Canadian Pizza Magazine

Foodservice 2014: boom or bust?

By Karly O’Brien   

Features Trends

Find out what the experts are projecting in the short and long term for your business

Since the last recession began, business owners have been anticipating when the economy would jump back into gear.

Since the last recession began, business owners have been anticipating when the economy would jump back into gear. According to one economist, the trends are pointing to just that.

The CFIB’s Business Barometer has increased by nearly five points.


“We just got word from the Bank of Canada that they are expecting significantly better economic growth in 2014-15,” Ted Mallett, vice-president and chief economist for the Canadian Federation of Independent Business (CFIB), tells Canadian Pizza. “The consumer is starting to get past some of the debt concerns that they had leveraged and that will leave Canadians with more money left over to spend.”


In the second quarter of this year, there was a bit of a pause following the positive business outlook that began in Q1. Despite the sink in optimism, Mallett notes that certain aspects could translate into a better third and fourth quarter.

“The worldwide economy is helping to bolster our export sector and the U.S. economy in particular is showing much better signs of performance, strengthening the foundation of growth,” he explains. “All those sorts of things suggest that we have got some kind of a firming of the baseline.”

Mallett also makes note of the association’s Business Barometer, which has increased by nearly five points to 64.2. Here are the numbers across the province. In Saskatchewan 71.2 per cent of businesses are optimistic in Canada, followed by Alberta (66.8 per cent), Newfoundland and Labrador (66.7 per cent) and Ontario close behind (66.5 per cent). British Columbia is above the national average at 64.9 per cent, while New Brunswick (58.9 per cent), Manitoba (58 per cent), Nova Scotia (57 per cent) and Quebec (56.4 per cent) are all below it. Prince Edward Island remains at the bottom end of the scale at 49.2 per cent. An index level above 50 means owners who expect their business’ performance to be stronger in the next year outnumber those expecting a weaker performance.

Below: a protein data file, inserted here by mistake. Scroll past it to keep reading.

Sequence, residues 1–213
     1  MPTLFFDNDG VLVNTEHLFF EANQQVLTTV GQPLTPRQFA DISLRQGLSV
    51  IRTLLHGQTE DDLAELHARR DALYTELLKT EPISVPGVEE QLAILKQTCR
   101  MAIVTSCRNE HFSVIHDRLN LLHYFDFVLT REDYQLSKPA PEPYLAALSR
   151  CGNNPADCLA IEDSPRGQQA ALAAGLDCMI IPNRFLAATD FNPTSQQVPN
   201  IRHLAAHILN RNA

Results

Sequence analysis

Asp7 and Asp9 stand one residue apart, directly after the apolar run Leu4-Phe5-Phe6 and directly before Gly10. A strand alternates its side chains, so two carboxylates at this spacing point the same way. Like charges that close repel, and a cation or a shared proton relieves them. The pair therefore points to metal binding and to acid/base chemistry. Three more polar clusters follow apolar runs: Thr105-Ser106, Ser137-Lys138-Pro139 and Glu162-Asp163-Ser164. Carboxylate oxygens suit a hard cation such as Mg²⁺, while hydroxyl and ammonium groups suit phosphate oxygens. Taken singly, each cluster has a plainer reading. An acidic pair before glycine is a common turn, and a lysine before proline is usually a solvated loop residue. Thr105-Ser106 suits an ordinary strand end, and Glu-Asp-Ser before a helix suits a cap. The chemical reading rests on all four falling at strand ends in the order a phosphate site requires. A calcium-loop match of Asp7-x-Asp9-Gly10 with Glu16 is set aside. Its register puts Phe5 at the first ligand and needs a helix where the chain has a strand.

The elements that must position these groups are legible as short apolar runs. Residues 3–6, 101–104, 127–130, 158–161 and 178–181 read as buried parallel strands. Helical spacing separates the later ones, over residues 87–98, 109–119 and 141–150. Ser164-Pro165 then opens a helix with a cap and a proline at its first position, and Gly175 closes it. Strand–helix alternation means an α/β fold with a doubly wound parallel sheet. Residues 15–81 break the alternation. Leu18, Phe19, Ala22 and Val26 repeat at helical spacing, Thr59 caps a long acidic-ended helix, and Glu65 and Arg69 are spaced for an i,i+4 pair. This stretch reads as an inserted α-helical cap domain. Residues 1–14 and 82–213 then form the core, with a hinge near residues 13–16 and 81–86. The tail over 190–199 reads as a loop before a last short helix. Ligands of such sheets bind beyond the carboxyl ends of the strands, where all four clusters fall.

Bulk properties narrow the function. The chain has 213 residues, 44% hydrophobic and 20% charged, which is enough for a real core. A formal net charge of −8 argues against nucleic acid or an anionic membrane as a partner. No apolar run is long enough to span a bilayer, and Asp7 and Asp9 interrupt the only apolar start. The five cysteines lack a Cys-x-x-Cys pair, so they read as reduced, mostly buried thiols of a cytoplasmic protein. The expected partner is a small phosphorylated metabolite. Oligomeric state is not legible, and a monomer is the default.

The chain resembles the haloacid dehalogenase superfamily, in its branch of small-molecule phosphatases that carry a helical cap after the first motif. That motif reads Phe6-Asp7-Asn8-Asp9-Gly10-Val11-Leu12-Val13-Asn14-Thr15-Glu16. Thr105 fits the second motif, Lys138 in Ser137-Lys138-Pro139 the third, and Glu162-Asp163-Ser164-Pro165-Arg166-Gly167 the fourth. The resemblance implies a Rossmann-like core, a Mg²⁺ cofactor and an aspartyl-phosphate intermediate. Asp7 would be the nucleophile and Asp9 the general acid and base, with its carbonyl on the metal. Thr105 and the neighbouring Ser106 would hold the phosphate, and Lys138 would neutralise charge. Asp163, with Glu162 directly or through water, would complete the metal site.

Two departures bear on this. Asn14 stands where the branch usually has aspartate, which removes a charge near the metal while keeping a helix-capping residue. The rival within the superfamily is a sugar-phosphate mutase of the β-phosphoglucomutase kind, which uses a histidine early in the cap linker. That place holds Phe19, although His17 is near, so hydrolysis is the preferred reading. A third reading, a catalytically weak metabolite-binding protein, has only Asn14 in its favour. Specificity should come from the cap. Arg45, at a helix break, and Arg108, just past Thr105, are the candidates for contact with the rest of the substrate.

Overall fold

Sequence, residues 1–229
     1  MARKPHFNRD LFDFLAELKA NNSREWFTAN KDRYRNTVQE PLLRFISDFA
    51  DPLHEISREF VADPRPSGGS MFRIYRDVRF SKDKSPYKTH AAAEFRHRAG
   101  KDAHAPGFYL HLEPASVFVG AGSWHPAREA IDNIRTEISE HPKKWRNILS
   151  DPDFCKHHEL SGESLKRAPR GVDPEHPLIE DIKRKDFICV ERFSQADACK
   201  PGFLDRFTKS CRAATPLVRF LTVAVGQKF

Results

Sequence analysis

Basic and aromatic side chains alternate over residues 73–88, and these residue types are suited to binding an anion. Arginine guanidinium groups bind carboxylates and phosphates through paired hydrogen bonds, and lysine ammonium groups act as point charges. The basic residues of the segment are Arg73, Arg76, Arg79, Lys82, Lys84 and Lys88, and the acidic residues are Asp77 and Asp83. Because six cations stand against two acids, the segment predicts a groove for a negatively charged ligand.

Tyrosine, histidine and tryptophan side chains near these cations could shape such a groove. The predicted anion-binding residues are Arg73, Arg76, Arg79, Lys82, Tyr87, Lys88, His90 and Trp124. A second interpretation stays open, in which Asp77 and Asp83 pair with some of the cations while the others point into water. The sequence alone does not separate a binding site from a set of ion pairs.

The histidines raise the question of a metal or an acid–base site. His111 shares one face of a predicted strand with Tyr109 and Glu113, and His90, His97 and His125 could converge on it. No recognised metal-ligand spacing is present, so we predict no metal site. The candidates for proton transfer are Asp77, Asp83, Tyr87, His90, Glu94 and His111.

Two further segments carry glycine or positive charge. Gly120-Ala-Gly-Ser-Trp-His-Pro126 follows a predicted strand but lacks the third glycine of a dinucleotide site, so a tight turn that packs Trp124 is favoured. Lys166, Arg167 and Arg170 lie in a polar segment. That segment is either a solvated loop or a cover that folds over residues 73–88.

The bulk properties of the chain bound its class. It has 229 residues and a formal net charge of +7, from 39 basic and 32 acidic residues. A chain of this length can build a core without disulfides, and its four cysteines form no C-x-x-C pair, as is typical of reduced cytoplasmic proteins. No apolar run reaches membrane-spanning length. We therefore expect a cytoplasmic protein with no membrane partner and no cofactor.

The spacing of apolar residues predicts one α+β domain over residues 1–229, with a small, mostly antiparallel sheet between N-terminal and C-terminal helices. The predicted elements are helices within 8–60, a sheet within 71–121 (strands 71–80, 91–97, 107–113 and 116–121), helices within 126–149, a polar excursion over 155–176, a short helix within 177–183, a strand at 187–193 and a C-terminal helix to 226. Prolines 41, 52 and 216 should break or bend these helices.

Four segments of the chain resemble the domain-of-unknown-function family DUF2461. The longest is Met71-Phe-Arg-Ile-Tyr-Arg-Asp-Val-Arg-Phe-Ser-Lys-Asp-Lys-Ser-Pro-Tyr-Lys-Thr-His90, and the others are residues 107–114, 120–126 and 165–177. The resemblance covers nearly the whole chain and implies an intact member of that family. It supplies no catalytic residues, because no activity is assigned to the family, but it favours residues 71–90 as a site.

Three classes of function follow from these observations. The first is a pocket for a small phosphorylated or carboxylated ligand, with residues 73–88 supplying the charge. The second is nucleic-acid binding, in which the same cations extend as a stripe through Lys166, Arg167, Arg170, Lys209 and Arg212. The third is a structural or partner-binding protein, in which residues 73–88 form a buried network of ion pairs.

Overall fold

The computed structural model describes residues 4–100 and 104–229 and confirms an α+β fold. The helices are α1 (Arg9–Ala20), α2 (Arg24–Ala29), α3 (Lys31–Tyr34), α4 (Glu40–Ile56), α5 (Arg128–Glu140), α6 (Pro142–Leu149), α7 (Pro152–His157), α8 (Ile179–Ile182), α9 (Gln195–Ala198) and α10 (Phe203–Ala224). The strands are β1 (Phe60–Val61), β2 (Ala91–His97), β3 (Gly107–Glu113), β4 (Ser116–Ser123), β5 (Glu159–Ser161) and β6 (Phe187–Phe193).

However, the economy is still weak, and weather has proven to not only put a damper on business expectations, but also cause an actual decline in sales for restaurant operators. The CRFA’s latest Restaurant Outlook Survey indicated that 31 per cent of restaurateurs expect sales to increase in the next two quarters. In 2012, 40 per cent said sales would boost.

Twenty-eight per cent of respondents reported that bad weather had a negative impact on the business, compared to 19 per cent for the same time last year. Operators have also cooled on the hiring front this year with only 21 per cent planning to bring in new employees before the end of the year, compared to 29 per cent last year.